Yes, yes, we know that it’s Carl Johnson and Merton Hanks that handle the NFL’s “disciplinary” issues; we know our way around the 17th floor of 280 Park better than most. But we needed a headline, and so here we are. This is NFL kommisar Roger Goodell in the midst of his Cincinnati trip, enjoying Skyline Chili for lunch (If I had to guess, I’d say that they were at the Vine Street location near the stadium). Commence with the jokes about Cincinnati-style chili resembling liquid feces and the implications of Herr Goodell partaking in a “three-way.”
Anyway, I guess we should probably discuss the plight of Indianapolis Colts wide receiver Austin Collie; after taking a brutal hit against Philadelphia that left him incapacitated on the field for more than 10 minutes, he was reportedly “alert” and “sitting upright.” The collaborators on the hit, Eagles safeties Quintin Mikell and Kurt Coleman, hit Collie from opposite sides. Coleman was flagged for a helmet-to-helmet hit and the pass was ruled incomplete.
Both calls were wrong.
Coleman appears to first make contact with Collie–who had already taken three steps with the ball in his possession–on the ball carrier’s left shoulder. In fact, the helmet-to-helmet contact is indistinguishable without watching the recoil of Coleman’s head, which is barely noticeable. But since the rule of unnecessary roughness (Rule 12-2-8) features the language “…including, but not limited to…,” the powers can be could flag anyone for just about any damn thing they please.
This is not to marginalize Austin Collie’s injuries. For the record, Collie slept last night, and his symptoms seems to be “waning,” which is wonderful news. This is to point out the lack of incentives created by the NFL’s interference with its own product.
Receivers are no longer accountable for their own safety, inasmuch as they can stay on the field. The fact that an NFL receiver can, at any time, be referred to as “defenseless” is still hilarious to me. Defenders now must do their jobs with a sort of gentile quality that flies in direct contradiction with their job descriptions.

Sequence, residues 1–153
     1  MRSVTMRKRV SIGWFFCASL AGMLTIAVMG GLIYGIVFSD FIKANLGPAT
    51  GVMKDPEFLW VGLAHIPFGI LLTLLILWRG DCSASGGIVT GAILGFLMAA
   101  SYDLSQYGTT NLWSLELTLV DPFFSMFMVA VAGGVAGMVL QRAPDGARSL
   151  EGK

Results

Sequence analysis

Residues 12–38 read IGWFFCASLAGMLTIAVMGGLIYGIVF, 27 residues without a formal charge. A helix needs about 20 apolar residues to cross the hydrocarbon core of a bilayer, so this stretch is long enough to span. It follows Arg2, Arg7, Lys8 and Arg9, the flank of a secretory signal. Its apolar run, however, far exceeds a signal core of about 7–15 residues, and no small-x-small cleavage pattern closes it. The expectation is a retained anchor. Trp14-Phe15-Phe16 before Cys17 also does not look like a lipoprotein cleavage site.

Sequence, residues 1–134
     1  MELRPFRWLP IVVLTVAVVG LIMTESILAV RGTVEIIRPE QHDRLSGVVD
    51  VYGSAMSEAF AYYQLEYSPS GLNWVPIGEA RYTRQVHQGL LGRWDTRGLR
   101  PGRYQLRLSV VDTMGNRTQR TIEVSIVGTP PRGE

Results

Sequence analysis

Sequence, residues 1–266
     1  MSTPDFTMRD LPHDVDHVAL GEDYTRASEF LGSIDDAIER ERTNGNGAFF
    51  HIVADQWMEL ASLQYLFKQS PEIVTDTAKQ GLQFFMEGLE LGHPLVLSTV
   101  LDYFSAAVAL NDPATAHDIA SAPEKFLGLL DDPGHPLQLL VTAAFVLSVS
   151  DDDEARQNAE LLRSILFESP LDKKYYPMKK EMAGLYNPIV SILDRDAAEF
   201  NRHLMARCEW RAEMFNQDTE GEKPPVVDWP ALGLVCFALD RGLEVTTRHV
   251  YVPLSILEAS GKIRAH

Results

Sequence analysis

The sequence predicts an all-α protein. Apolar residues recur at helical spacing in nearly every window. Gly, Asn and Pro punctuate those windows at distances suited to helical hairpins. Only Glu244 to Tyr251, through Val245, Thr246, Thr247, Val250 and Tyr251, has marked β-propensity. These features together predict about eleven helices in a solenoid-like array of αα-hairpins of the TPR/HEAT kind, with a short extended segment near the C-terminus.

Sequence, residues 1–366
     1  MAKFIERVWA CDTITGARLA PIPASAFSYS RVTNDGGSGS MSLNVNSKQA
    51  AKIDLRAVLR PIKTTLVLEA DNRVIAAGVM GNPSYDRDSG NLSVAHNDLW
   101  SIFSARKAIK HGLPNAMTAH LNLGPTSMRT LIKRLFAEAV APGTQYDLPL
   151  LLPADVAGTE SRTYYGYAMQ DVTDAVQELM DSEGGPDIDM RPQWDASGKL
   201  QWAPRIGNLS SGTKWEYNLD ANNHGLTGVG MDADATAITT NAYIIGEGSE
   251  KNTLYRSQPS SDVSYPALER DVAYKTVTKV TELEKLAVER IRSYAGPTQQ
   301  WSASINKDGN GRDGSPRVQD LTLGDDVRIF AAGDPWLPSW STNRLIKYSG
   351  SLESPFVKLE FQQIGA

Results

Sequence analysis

Discipline is being distributed inconsistently. Nobody really knows which hits will generate fines until the league tells us, and that’s rather dubious. Perhaps fining players is the only recourse for the League in this current CBA, but it’s a weak one. Players that “headhunt,” and there are some out there, need to be ejected from games immediately in clear instances of malicious intent. That isn’t happening right now, partly because nobody knows what the hell an illegal hit really is.
Fans are pissed. Defensive players are bent out of shape. Is anyone happy with this sudden wave of discipline theatre that the NFL is now orchestrating? It’s worth noting that, for the first seven weeks of the season, the League did NOTHING to crack down on helmet-to-helmet contact, which makes this sudden appearance of grave concern seem, at best, insincere.
Goodell and Friends, if they are to be believed, have attempted to change the culture of hitting in their game. And they have failed. One is left to wonder whether the PR and liability pressures will be great enough to enact even more changes (certainly this will be negotiated in the upcoming collective bargaining talks). But for now it seems that the League is the only one doing the talking. And the flagging. And the fining. And making up the rules as they go along. This doesn’t help anyone. And it certainly didn’t help Austin Collie.